5onFri: Five Children’s Book Role Models

by Leanne Sowul
published in Reading

When I was a kid, books were like my third parent. I absorbed the wholesome lessons of loyalty to friends, obedience to parents and faith in myself as if a stack of children’s novels were my personal guide to life. At the time, I didn’t consider the impact that children’s literature would have on me as an adult, but as I crossed over from my teen years, I began to see that parental figures were often the unsung heroes of my favorite children’s books. For this week’s Five on Friday, here are the characters who influenced me the most as a parent.

51DnFF0qF+LFrank Bunker Gilbreth from Cheaper By The Dozen

By: Frank B. Gilbreth

In Cheaper By The Dozen, twelve children are raised in unconventional yet orderly fashion in the early 1900s. Frank Gilbreth, their larger-than-life father, views his children with herd mentality, teaching them everything from adding large sums to touch-typing on the typewriter (a revolutionary system at the time) by drilling them, encouraging competition and rewarding the winners. Frank’s character taught me that it’s possible to challenge children as learners while instilling a lively sense of fun and finding humor in moments of mishap.

Best parental scene: One of the younger daughters bids to paint a long fence for a very low allowance, committing to much more work than she’s capable of. Frank makes her stick to her word and finish the fence, but rewards her with the pair of roller skates she was saving for.

Marilla Cuthbert from Anne of Green Gablesb7c7d4ef6f1e5a87a99dddc1e882d1ed

By: L. M. Montgomery

Anne is mistakenly delivered to the Cuthbert siblings in place of the boy they needed to help around the house. Marilla is initially reluctant to keep Anne and raise her as a daughter. Her first unintentionally parental act is to protect the child from adoption by the neighbor who would have treated her as a servant; Marilla is then persuaded to keep Anne based on her brother Matthew’s affection for the child. Marilla makes many mistakes and much of the drama from the book stems from a mismatch of temperaments between Anne and her adoptive mother. But Marilla teaches the reader that it’s possible to be an unprepared, fallible parent yet come to grow enormously as a mother and a person.

Best parental scene: Marilla learns not to speak too literally when Anne confesses to a crime she didn’t commit based on Marilla’s wording of the impending punishment.

downloadMa Ingalls from The Little House Books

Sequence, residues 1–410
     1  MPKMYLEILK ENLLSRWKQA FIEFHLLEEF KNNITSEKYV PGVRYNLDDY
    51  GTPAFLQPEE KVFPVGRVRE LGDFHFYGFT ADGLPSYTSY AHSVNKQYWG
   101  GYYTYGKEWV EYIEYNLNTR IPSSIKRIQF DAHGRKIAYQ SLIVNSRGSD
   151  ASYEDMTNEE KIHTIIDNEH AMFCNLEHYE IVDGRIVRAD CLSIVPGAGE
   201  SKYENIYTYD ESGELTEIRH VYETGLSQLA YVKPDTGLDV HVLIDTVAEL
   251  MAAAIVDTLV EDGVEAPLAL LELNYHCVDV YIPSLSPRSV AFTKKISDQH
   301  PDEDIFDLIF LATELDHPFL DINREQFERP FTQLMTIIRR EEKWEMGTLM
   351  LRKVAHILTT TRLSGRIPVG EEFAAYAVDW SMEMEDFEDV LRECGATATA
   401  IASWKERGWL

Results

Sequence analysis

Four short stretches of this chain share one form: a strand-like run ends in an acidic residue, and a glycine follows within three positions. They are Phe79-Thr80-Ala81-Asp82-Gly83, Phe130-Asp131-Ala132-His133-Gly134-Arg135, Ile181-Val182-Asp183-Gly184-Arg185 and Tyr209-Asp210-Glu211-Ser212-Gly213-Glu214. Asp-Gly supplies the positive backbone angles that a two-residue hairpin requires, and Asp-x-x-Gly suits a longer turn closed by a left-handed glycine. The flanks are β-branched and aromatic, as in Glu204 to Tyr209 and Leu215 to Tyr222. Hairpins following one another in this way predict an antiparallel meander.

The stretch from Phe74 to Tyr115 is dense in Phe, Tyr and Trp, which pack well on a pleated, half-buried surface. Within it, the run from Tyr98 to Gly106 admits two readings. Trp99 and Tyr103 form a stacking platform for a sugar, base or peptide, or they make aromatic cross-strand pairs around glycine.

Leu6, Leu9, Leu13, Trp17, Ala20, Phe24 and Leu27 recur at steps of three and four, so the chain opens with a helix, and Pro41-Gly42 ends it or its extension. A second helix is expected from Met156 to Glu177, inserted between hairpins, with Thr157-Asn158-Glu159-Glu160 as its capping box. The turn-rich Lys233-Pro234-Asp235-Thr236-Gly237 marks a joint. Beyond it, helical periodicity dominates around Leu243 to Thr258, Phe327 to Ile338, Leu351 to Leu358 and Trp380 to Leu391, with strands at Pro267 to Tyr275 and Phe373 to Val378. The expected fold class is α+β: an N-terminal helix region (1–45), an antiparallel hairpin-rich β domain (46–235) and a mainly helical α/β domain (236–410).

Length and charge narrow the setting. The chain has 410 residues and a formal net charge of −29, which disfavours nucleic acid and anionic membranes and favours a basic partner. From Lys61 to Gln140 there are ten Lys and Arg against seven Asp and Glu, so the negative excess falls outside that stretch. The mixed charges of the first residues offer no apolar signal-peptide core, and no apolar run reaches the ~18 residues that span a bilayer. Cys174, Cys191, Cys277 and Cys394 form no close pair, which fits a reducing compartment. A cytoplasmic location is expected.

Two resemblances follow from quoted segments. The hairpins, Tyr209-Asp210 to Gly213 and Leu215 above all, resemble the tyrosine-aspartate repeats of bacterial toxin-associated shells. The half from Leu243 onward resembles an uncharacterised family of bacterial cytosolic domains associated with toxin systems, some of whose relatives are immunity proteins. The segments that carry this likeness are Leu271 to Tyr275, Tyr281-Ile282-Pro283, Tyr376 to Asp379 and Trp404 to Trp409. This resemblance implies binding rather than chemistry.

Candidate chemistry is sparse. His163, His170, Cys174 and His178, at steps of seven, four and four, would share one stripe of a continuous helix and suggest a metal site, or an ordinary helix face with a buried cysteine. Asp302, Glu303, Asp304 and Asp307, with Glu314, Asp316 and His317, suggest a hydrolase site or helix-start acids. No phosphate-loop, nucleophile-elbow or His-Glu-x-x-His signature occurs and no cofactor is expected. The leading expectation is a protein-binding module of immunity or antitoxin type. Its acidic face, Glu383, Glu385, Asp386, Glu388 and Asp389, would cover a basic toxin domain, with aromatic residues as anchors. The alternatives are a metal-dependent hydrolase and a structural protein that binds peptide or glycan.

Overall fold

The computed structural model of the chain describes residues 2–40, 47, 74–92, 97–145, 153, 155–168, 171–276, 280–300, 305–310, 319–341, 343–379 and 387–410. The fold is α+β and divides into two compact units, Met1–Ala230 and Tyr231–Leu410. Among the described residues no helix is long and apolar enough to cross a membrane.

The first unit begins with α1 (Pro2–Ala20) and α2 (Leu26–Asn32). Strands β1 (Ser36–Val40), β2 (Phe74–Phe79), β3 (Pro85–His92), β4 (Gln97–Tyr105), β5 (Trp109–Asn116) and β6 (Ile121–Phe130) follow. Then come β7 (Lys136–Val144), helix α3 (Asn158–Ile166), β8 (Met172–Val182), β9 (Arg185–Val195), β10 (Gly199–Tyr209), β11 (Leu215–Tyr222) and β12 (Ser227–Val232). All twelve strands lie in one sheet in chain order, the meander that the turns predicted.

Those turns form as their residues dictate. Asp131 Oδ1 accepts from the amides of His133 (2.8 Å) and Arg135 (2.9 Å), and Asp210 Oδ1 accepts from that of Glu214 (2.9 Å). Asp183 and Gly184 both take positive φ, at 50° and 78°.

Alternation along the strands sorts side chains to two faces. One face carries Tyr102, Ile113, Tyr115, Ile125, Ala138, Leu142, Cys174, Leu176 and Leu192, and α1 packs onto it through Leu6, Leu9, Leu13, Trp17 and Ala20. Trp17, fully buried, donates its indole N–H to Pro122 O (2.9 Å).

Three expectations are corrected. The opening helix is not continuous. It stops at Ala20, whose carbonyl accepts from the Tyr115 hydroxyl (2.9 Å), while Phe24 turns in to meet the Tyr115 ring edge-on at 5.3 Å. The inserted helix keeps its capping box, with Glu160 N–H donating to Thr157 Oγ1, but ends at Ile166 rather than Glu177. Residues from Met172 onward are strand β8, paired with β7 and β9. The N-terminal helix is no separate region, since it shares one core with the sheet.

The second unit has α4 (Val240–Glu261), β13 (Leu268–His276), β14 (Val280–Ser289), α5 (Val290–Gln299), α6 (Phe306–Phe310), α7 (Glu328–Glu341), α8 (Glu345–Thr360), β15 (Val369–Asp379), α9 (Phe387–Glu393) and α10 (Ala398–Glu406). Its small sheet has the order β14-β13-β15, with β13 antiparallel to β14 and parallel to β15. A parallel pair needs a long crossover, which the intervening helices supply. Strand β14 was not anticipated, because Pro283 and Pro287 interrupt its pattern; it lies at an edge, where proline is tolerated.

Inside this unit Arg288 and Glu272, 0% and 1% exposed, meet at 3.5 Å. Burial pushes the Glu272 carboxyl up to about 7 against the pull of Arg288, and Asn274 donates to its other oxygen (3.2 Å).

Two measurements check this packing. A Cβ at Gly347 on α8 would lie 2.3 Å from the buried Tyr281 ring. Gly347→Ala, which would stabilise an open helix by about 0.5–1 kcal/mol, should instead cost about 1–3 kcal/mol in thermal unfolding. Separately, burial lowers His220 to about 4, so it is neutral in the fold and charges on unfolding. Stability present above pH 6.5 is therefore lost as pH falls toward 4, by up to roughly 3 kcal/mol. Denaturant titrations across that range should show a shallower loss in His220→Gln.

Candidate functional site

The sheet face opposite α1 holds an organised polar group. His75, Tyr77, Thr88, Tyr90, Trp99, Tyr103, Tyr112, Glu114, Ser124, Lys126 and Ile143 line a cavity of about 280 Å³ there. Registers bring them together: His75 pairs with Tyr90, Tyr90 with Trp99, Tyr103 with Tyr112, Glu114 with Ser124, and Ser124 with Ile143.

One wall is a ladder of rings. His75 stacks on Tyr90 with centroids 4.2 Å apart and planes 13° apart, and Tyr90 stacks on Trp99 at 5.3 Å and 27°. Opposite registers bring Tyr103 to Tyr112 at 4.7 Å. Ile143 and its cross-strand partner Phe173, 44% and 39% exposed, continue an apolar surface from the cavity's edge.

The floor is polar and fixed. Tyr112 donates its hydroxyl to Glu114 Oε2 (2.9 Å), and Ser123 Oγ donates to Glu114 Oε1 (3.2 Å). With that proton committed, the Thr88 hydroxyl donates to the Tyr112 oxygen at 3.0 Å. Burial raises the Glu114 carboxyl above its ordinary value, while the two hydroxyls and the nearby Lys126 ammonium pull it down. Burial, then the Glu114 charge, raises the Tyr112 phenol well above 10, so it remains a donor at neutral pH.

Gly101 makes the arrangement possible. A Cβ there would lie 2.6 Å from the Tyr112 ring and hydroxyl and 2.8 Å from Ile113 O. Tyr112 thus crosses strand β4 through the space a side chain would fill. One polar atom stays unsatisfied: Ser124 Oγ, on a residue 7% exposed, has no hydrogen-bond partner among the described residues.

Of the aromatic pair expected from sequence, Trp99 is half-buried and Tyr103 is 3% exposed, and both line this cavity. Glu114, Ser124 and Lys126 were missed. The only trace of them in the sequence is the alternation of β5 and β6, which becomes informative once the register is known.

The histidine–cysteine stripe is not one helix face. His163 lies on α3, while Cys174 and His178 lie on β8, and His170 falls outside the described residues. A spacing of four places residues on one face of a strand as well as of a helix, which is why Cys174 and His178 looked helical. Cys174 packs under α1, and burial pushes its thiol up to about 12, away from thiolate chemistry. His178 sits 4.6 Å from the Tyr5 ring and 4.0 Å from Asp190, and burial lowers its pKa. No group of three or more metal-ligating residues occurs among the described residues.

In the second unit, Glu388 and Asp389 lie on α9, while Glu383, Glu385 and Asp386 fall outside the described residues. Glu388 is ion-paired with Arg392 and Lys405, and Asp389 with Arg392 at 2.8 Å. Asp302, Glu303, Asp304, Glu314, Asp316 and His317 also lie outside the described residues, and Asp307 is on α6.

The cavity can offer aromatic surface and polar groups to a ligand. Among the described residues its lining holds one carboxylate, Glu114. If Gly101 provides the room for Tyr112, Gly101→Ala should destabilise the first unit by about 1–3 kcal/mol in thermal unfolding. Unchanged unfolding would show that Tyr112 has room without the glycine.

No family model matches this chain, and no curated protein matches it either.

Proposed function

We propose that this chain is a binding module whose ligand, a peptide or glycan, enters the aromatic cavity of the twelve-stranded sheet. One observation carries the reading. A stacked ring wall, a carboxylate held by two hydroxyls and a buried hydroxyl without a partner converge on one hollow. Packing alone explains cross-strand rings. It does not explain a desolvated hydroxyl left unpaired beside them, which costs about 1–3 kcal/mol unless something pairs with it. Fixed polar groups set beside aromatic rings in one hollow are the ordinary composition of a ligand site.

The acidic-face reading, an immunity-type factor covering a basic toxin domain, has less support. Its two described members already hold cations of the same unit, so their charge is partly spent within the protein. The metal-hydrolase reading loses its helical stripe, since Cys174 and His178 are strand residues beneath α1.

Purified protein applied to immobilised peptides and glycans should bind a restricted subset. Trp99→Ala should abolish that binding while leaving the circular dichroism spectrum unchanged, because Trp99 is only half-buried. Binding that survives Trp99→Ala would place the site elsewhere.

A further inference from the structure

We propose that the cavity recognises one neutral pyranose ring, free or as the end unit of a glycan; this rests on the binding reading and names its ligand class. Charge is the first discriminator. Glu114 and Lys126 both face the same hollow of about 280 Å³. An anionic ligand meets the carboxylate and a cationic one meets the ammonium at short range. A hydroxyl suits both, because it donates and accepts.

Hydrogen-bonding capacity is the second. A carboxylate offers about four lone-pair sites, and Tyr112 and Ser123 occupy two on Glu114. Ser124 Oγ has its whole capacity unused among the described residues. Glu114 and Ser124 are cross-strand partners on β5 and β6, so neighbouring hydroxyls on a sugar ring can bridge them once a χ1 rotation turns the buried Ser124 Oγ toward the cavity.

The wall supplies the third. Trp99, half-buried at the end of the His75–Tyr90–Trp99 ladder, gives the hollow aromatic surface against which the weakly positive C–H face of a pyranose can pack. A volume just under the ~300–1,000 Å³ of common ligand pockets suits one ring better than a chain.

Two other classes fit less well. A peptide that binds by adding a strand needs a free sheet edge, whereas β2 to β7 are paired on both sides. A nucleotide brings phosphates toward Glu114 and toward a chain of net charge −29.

By: Laura Ingalls Wilder

The Ingalls family moves West in a covered wagon through increasingly unsettled territory. They pioneer their way through conflicts with Native Americans, plagues of locusts and deadly cold winters. At times, they thrive; other times, they struggle to survive. Through it all, Ma carries the heart of the family with her patience, integrity and high standards, often doing so while playing second fiddle to her husband’s outgoing nature and sense of adventure. Ma Ingalls taught me that women who put their family first can still have a sense of self and a strength of spirit.

Best parental moment: Ma makes a clean, swept home out of a literal hole in the ground in Little House on Plum Creek.

Marmee from Little Womenjw_smith_pix_bookcover

By: Louisa May Alcott

Jo, Meg, Amy and Beth March are four girls living with their mother in Massachusetts during the Civil War. Their father is off fighting the Confederates; they live in near-poverty, yet Marmee still manages to teach her daughters about giving and self-sacrifice. She regularly cares for the Hummels, a German family poorer than the Marches, even encouraging the girls to give the Hummels their Christmas dinner. When Beth falls ill with scarlet fever and the doctors have given up hope, Marmee nurses her back from death. Marmee’s fortitude against difficulties and ability to infuse morality into daily life is an inspiration for modern parents.

Best parental scene:  Marmee lets the four girls indulge themselves in pure fun until they become sick of their own excesses, then teaches them that good work is necessary to the enjoyment of life.

51MU5VilKpLMolly and Arthur Weasley from the Harry Potter Books

By: J.K. Rowling

The Weasleys have different temperaments, but as parents, they’re cut from the same cloth. Even though they’re on the front lines of the Order of the Phoenix, warriors for Dumbledore and ad hoc guardians of Harry, their son’s orphaned best friend, they still manage to create a loving family environment and take the antics of their lively brood in stride. Molly Weasley is the ultimate witch homemaker and fierce protector of her children’s futures; Arthur is the provider who won’t sacrifice principles for galleons. From the Weasleys, readers learn what it’s truly like to balance home, career and oh yeah, fighting the most dangerous dark wizard of all time.

Best parental moments: Arthur Weasley’s excitement over his sons flying the family car; Molly Weasley yelling, “Not my daughter, you bitch!” as she pushes Ginny aside to duel Bellatrix Lestrange.

It’s the season for celebrating parents! If you’d like to give a nod to other parent role models from classic children’s literature, please share them with Leanne @sowulwords and DIY MFA with #5onFri!

avatar3-238x300-238x275Leanne Sowul is a writer, teacher and mother from the Hudson Valley, NY. She sometimes thinks that all her most important life lessons were learned from children’s books. Leanne writes historical fiction and memoir, and just completed her first YA novel. Her blog Words From The Sowul is a haven for writers, readers and lovers of words. Find the blog at leannesowul(dot)com, or Leanne herself at leannesowul(at)gmail(dot)com.

 

 

 

 

 

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